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What Craft Beer Drinkers Need To Know About Terroir

Nearly 200 years ago, French winemakers asked one of the most revolutionary questions in fermentation history.

The vineyards of Bordeaux, where the idea of terroir was born. Photo by Michael Clarke.

The vineyards of Bordeaux, where the idea of terroir was born in the early 1800s. Photo by Michael Clarke.

Why is it that some wines taste better than others, even though they’re made with the same grapes, and produced using similar methods? The answer they came up with was, the dirt. They concluded that the soil in which grapes were planted had a major influence on the quality and the flavor of wine.

They came to believe that you could literally taste the soil in a bottle of wine and called the concept, terroir.

Why Does It Matter And Who Wants To Taste Soil Anyway?

At Rogue Farms we believe that beer and spirits begins in the dirt. We’re not saying you can taste dirt in a bottle of beer. But the quality of the soil where we grow our hops, malting barley and other ingredients matters a great deal. It’s about quality and origin.

A young Revolution hop bine emerges in spring at Rogue Farms in Independence, Oregon.

A young Revolution hop bine emerges from the soil at Rogue Farms in Independence, Oregon.

Rogue Farms is in one of the finest hop growing areas of the world. Our soil is the result of eons of volcanic uplifting, massive lava flows and Ice Age floods. The annual winter floods from the Willamette River replenish our fields with moisture and add new layers of rich, alluvial soil.

We can grow just about every ingredient we need in the dirt of Rogue Farms, and grow high quality ingredients, too. That’s how good our dirt is. Good dirt means better ingredients, which in turn means better beer, spirits, ciders and sodas.

The Birth Of Grow Your Own Revolution

Back in 2007 we asked a new revolutionary question. Why doesn’t beer have terroir?

The question led us on a journey of discovery. We learned that over the years hops and barley had become commodities, their origins lost in a maze of brokers, processors, railroads and trucks. While the quality was often good, we felt something was missing. The connection between ground and glass was broken and we wanted to restore it. Because we believed in terroir.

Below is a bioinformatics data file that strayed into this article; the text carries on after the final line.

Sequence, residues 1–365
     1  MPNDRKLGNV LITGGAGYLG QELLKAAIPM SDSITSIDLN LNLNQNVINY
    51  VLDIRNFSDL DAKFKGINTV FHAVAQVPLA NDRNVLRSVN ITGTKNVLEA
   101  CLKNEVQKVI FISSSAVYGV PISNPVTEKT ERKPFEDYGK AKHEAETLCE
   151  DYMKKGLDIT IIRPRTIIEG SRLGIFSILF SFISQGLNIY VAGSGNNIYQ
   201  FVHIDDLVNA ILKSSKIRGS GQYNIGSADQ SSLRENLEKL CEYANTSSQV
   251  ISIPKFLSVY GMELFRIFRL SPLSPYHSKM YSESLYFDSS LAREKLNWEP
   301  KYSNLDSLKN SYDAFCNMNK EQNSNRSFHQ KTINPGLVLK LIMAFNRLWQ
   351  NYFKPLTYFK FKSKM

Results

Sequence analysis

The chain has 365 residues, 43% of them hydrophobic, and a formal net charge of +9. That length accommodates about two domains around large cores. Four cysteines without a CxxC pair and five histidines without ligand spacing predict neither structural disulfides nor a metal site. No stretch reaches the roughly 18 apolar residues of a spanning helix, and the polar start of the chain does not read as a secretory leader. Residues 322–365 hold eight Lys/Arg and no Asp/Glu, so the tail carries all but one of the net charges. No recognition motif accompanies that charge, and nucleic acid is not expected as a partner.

And so we became farmers.

Rogue Farms Freedom hops at harvest time.

Rogue Farms Freedom hops at harvest time.

Terroir is more than dirt. It’s the combination of soil, climate and latitude. Hops grow so well at our farm Independence because they are perfectly matched to the terroir. Rainy, cool winters and dry, sunny summers. 15 hours of daylight during the peak growing season because we’re located on the 45th parallel.

Today we grow more than two dozen ingredients at Rogue Farms, creating a unique proprietary palate of flavors exclusively for Rogue Brewmaster John Maier.

Terroir Can Not Be Duplicated

Hop Rows August

Hops cones ripe for picking in late August at Rogue Farms.

Since we began growing our own, scientists have learned that each terroir is unique. If you take a bine from one hopyard, move it just a mile or so and replant it, the flavors, aromas and bitterness in the cones will change. These differences increase over time. Planting a rhizome is the start of a decades long marriage between the hop bine and the soil.

If someone else were to plant our hops and barley, in the same soil where we plant them today, they still wouldn’t be able to produce a Rogue beer or spirit. That’s because the final element of terroir is people. From our farmers, to our maltsters, roasters, smokers and Brewmaster John Maier, each one of us leaves an imprint of quality that’s impossible to duplicate.

Experience the terroir of Rogue for yourself. Pay a visit to Rogue Farms and see how we’re Growing The Revolution.


2 Comments Post a comment
  1. I thoroughly enjoyed the story of Terrior. I am fascinated with the fact that the imprint of the workers from dirt to glass has a profound influence on the product. The pihotos of your
    plants, bees, equipment are just perfection.

    October 21, 2015

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